On December 18, 2015, President Barack Obama signed into law the Consolidated Appropriations Act, 2016 (Act), which extends and modifies the investment tax credit for solar energy property, the production tax credit for wind and other renewable resources, and bonus depreciation in respect of each of the foregoing. The Act also extends the election to claim the investment tax credit in lieu of the production tax credit for wind facilities and other renewable resources. The Act provides relatively lengthy extensions of these credits, thereby providing greater certainty to developers and investors seeking to rely on the credits to justify new investments in solar and wind projects. However, the scheduled reductions in the credits established in the Act provide a clear signal that Congress is not likely to extend these incentives again.

Investment Tax Credit for Solar Energy Property

The Act provides a three-year extension of the 30 percent investment tax credit for solar energy property. Under prior law, the credit was scheduled to step down to 10 percent for property first placed in service after December 31, 2016.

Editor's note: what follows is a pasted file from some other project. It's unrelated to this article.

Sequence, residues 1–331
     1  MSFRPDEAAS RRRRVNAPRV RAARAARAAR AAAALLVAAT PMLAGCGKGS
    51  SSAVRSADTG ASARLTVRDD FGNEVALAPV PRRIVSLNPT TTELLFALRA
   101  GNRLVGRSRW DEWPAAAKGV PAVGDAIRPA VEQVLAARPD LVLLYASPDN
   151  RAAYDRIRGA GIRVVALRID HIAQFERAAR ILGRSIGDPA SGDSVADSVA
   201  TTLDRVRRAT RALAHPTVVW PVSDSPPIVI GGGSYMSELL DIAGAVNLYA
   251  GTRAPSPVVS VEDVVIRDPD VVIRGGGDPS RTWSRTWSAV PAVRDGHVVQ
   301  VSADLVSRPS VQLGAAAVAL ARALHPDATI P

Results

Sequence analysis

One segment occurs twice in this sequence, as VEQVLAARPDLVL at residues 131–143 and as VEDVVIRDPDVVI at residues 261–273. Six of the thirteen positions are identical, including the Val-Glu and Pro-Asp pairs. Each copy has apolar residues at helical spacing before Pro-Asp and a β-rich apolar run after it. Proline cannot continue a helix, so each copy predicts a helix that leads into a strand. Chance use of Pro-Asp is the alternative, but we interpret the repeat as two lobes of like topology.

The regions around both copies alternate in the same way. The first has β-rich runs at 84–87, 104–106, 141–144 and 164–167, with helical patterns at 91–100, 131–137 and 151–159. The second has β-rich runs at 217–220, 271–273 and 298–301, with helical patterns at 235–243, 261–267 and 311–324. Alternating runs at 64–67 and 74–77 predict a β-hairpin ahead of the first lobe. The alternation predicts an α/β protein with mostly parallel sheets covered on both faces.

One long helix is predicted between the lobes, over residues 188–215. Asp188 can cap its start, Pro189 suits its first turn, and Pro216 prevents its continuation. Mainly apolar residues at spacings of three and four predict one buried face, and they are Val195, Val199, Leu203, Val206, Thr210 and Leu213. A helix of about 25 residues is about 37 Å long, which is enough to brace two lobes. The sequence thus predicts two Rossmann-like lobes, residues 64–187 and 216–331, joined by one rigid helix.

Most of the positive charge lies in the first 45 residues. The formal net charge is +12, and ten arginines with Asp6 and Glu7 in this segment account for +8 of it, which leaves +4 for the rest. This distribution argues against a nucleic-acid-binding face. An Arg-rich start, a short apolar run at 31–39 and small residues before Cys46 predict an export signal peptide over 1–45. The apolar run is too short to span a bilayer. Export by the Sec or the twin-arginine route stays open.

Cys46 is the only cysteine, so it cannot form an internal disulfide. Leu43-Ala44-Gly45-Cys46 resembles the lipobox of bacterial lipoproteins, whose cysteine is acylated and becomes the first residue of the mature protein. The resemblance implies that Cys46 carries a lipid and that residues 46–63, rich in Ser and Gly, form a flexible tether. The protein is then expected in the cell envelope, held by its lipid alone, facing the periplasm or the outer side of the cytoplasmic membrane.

In addition to providing a three-year extension, the Act permits solar projects to qualify for the 30 percent investment tax credit if construction begins on or before December 31, 2019, even if the projects are not placed in service until after that date. However, to maintain the benefit of the preferential construction-year credit percentage, the project must be placed in service before January 1, 2024. Projects placed in service on or after that date would be entitled to only a 10 percent credit.

This change to a “commencement of construction” standard provides projects seeking qualification for the solar energy credit with largely the same preferential qualification threshold as applies to wind facilities seeking qualification for the production tax credit. Presumably the Internal Revenue Service (IRS) will issue guidance extending the safe harbors for establishing commencement of construction for wind facilities to solar energy projects.1

Signaling that the tax incentive to develop solar energy projects will not be further extended, the Act provides a three-stage step-down in the credit:

  • For projects for which construction begins in 2020, the energy credit would be reduced to 26 percent.
  • For projects for which construction begins in 2021, the energy credit would be reduced to 22 percent.